Yes, I know it’s not a word. But the beauty of being a writer – at least for me – is I get to invent shit and tell stories. Also, yes, all words have meaning – even clichés. But I can invent words with special meaning to me. And as a content writer, I feel it’s meant to be (pun intended). Plus, as a person who doesn’t believe in the random, this all makes sense to me. Let me explain …
A lot of times, I write for me. Well, most of the time I write for me. At least when I’m not writing for money. And even when I’m writing for money, I slip in some triple-entendre that I know the client will reject. But I sneak it in there anyway – because it makes me happy. And sometimes, my cheeky bits make it to the big screen, yay! But I digress. I was talking about contentment.
I’m a December Baby, and mid-year is always big for me career-wise. I’ve quit a lot of jobs in June and started many new ones in July. My last one was in 2017 when I left agency. I recently rejoined agency … in March … and recently re-quit agency … last week. I wanted the money, but I didn’t need the drama.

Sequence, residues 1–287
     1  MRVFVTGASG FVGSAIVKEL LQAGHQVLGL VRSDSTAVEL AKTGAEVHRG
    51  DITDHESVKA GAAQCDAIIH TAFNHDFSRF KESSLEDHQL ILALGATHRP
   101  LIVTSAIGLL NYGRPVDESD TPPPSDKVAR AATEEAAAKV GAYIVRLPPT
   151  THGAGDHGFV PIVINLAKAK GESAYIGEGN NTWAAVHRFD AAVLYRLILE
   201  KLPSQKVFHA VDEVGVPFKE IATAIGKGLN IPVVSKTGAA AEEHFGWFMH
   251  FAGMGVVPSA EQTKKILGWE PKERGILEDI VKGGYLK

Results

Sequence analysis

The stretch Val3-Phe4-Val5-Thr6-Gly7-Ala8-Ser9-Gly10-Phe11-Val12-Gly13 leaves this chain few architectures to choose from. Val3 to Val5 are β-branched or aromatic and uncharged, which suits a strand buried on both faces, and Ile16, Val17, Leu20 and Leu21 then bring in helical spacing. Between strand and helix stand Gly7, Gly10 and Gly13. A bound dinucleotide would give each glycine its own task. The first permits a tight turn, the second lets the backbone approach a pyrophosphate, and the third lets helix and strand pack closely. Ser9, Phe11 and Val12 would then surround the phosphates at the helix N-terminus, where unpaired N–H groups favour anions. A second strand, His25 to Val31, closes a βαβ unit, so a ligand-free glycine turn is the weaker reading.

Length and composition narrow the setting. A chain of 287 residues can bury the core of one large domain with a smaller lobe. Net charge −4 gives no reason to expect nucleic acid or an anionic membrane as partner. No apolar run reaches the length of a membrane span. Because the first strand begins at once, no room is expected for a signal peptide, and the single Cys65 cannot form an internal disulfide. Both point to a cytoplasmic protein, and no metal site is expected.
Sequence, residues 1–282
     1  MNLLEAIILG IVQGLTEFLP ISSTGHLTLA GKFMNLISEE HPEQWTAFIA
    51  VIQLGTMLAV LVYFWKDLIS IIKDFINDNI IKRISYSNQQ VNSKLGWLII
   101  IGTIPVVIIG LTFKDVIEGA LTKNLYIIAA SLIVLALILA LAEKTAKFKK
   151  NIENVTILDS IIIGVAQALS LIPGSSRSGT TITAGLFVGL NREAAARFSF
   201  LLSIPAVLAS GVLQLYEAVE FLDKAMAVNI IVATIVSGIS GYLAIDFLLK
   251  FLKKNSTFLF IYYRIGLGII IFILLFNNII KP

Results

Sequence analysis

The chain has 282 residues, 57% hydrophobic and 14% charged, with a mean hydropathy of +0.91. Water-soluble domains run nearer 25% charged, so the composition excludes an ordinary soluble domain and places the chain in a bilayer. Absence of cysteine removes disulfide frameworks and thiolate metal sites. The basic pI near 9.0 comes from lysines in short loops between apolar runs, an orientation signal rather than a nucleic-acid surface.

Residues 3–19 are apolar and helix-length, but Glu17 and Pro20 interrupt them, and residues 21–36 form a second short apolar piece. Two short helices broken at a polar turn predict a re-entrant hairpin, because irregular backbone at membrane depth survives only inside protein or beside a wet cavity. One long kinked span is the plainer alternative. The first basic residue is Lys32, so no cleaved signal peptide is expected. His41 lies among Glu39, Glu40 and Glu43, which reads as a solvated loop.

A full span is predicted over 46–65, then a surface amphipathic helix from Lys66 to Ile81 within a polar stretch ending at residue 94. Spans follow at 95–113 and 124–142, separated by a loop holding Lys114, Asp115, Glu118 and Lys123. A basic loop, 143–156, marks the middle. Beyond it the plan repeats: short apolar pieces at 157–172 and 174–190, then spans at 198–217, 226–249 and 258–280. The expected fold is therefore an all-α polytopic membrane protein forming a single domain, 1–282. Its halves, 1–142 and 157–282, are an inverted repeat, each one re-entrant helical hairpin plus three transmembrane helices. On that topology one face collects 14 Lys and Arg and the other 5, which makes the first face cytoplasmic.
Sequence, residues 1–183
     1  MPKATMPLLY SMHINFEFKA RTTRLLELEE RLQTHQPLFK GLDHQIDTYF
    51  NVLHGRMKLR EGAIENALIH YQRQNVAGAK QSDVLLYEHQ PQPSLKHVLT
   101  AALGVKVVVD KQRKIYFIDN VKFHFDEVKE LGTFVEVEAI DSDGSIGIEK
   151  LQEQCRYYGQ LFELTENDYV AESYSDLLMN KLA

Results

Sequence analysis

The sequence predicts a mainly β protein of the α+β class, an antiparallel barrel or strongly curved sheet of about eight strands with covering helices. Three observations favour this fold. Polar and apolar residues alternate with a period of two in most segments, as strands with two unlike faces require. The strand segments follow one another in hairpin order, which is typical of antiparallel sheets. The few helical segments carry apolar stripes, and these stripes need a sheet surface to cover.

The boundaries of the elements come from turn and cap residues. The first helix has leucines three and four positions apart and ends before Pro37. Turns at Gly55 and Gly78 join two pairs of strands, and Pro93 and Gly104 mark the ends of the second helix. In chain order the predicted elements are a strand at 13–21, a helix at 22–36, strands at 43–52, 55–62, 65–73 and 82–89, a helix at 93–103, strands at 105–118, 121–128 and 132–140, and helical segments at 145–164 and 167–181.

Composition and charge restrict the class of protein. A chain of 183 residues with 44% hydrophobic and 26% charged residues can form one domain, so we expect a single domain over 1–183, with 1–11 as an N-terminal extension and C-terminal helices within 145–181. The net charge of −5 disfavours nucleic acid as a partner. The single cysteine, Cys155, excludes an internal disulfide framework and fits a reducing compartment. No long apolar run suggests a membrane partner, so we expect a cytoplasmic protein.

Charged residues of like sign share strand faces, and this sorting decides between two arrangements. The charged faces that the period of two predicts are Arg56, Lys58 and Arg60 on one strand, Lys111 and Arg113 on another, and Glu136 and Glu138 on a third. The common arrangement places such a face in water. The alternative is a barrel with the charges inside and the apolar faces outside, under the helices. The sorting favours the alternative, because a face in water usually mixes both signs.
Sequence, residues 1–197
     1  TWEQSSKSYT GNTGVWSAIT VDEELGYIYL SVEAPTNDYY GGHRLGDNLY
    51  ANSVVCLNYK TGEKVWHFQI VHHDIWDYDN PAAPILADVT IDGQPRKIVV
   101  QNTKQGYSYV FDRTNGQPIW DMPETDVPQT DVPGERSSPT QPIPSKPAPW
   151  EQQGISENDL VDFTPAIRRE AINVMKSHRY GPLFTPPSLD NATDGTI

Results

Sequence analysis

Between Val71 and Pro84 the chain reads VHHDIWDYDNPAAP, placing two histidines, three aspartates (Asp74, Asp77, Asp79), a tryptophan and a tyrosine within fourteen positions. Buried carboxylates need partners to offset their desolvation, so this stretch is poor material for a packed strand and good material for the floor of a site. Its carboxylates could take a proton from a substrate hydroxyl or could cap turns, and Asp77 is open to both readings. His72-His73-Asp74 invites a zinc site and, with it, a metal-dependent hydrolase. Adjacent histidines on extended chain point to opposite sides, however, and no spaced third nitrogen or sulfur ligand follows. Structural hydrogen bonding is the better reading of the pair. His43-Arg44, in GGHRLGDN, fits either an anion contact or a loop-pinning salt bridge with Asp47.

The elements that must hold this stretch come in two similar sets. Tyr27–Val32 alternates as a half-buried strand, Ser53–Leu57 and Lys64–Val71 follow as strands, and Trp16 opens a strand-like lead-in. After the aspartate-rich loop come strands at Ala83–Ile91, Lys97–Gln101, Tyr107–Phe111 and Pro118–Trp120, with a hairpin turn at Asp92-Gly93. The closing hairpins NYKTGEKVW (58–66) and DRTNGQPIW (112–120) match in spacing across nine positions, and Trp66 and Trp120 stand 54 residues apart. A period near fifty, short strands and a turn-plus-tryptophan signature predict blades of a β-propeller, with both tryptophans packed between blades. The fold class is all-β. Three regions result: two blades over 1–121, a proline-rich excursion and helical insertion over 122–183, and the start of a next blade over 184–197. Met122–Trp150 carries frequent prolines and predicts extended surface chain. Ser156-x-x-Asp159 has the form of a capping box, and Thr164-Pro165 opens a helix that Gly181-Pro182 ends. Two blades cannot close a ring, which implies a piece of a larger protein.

I guess I’ve outgrown the BS, since I hadn’t intended to resign so soon. It just sort of … happened. I had explained all the reasons to my boss. Several times. In person. In writing. On text. But he’s an ad guy. A lifer. So he didn’t see my concerns as a big deal. But here’s the thing. In retrospect, I don’t regret going back. I needed to rejoin the agency. Because I had started to doubt myself.